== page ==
8 November 2020

A higher purpose: does your CMT have one?

By Dallas Gurney

The Comey Rule  has just landed on Neon and is a must watch for political junkies.

Starring Jeff Daniels as FBI Director James Comey and Brendan Gleeson as Donald Trump, the drama chronicles the FBI’s investigation into Democratic presidential candidate Hillary Clinton and allegations around the storage of sensitive emails on private servers during her time as Secretary of State.

The drama throws up some important discussion points for crisis management professionals.

The main friction in the series comes when Comey decides to re-open the investigation into the Clinton emails just days before the 2016 election.  Well-after an initial FBI investigation finds Clinton has not broken the law, the laptop of disgraced former congressman Anthony Weiner comes into the Bureau’s possession and a new dump of emails is uncovered.

The Weiner emails require further inspection and, to do that, Comey needs to re-open the Clinton emails case.  Days out from the election, his decision plays into Trump’s “crooked Hilary” narrative, sowing the seeds of doubt about her credibility and potentially paving the way for a Donald Trump presidency.

The choice to re-open the investigation or complete the work in private until after the election, is described by Comey’s character as a choice between two options – “one is really bad, the other is catastrophic”.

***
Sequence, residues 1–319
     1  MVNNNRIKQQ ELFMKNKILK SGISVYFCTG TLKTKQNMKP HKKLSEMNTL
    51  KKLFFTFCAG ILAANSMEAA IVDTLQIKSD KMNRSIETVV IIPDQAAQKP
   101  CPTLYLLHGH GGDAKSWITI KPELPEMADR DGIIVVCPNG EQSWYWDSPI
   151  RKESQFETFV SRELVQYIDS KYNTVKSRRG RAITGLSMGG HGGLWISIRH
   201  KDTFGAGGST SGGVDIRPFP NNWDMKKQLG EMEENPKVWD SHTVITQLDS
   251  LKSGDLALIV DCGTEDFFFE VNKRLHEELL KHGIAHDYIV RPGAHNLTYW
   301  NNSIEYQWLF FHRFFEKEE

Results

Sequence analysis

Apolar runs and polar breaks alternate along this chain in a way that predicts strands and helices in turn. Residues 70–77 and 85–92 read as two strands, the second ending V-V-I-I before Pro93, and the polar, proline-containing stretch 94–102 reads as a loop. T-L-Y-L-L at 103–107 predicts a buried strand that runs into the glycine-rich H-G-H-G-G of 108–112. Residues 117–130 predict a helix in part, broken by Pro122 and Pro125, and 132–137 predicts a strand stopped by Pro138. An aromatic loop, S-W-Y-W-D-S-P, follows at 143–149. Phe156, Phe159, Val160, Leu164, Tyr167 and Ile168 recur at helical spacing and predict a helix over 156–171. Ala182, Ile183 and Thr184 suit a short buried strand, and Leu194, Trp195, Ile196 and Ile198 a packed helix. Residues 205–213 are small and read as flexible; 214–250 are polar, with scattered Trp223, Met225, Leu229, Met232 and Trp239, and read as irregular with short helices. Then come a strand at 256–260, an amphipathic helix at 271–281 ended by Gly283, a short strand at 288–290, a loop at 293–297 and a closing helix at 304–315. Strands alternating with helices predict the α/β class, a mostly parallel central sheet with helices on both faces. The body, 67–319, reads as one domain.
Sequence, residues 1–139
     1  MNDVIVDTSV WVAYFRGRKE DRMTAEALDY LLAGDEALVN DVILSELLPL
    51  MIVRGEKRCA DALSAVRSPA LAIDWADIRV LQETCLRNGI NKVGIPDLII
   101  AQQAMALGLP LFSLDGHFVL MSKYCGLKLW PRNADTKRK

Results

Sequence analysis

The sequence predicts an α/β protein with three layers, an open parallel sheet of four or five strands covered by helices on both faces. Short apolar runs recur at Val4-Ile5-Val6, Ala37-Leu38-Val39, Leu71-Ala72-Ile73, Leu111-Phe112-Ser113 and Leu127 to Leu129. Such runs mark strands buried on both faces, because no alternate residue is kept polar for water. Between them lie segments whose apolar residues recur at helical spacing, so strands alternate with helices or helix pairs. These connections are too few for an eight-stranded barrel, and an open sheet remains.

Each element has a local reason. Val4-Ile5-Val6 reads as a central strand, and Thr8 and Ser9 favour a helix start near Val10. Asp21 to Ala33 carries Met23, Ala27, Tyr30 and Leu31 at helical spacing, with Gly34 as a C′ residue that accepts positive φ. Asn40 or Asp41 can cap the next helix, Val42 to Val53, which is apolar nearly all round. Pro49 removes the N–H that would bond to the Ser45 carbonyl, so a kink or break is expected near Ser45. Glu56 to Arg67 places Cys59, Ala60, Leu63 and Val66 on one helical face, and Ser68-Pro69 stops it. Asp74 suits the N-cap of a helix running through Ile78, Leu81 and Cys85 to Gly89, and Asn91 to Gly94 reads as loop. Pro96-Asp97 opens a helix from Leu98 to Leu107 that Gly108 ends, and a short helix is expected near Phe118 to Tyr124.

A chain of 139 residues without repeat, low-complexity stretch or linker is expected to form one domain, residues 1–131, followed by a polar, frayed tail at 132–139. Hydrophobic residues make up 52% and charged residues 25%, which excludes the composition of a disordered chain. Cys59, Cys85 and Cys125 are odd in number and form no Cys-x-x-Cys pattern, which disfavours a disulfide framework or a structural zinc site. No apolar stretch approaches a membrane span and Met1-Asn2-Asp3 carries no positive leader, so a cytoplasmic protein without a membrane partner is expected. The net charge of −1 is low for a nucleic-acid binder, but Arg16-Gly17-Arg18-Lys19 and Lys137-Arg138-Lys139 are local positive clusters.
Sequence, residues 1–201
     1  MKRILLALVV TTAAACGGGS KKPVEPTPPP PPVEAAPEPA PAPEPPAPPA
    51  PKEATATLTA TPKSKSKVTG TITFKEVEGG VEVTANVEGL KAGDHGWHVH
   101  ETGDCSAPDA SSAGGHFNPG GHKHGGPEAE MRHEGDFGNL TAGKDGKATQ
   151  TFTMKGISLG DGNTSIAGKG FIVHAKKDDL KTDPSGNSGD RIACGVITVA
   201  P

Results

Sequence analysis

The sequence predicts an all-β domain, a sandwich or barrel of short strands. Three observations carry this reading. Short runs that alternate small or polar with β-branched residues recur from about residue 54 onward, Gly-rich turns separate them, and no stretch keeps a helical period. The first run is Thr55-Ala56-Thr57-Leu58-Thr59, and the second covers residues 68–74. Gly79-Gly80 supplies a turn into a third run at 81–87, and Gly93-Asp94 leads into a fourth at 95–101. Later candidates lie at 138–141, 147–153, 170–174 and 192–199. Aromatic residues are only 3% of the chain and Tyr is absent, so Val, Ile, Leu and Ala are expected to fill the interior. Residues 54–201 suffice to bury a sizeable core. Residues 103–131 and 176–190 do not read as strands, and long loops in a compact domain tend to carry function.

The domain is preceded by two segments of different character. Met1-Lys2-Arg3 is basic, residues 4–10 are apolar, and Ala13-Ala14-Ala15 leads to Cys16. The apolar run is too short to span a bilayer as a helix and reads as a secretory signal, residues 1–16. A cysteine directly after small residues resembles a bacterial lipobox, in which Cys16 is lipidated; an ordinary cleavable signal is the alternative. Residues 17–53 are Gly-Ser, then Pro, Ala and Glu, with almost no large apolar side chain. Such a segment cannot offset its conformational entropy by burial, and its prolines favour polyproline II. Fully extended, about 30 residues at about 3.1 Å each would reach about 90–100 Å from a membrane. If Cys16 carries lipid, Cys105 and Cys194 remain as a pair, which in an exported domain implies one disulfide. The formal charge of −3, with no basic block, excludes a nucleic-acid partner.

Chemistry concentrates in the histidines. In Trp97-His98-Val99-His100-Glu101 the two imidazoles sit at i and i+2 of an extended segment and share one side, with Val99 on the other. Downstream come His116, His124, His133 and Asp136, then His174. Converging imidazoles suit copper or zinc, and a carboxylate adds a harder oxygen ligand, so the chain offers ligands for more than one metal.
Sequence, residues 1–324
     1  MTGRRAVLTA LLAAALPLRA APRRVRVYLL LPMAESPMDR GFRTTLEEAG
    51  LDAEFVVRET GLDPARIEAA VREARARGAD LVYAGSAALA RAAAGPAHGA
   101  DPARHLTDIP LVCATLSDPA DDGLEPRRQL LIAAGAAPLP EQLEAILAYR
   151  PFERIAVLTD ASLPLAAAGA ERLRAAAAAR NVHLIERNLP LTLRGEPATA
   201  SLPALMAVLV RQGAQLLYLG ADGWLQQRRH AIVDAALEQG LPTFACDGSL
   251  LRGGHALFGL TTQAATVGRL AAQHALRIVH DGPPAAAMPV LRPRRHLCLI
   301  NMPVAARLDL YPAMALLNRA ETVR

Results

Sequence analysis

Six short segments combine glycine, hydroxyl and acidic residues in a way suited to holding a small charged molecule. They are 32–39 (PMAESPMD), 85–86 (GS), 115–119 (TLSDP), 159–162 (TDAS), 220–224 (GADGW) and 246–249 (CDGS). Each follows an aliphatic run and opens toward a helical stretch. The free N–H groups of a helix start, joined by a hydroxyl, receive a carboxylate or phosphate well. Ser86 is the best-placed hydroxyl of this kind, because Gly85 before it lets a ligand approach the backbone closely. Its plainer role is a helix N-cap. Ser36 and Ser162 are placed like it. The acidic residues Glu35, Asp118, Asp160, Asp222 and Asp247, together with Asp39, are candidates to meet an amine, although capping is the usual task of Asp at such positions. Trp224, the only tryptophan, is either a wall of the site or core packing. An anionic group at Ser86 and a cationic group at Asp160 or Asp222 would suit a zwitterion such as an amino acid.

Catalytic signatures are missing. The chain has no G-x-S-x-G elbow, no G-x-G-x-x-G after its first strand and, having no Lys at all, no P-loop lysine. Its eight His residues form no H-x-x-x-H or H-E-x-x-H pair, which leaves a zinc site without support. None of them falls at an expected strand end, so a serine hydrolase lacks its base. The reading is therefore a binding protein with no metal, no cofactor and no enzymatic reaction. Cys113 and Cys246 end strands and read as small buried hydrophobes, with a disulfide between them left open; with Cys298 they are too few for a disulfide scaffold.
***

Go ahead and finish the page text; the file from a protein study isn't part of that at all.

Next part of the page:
If the case is re-opened, it looks bad for Clinton.  Very bad.  Potentially election-ending.  If they wait and the emails throw up illegal activity, it seems like the FBI took a partisan approach, like  Clinton received favorable treatment by the nation’s most trusted law enforcement agency.

Going down that path would call into question the independence and integrity of the FBI.  That, Comey considers, would be catastrophic.

In crisis we are often presented with similar choices.  The options are “very bad” versus “catastrophic”; “good” is rarely on the table, if it were, it would not be a crisis.

Crisis demands decisive decision-making – that is great decisions, informed by facts, likely made at pace while under pressure.  Given these time restraints, it is no use comparing a tough choice with one you would prefer was on the table.  It is only worthwhile comparing it to the options you have.

One of the crisis principles we teach at Serious is “History will judge you, so do the right thing.”  This principle should be the guiding light of any Crisis Management Team; the short term does not matter, what must you do to come out on the right side of history?

When looking through the lens of what’s right, versus what’s expedient, cheapest or what you might be able to get away with, those tough decisions are actually a lot easier to make.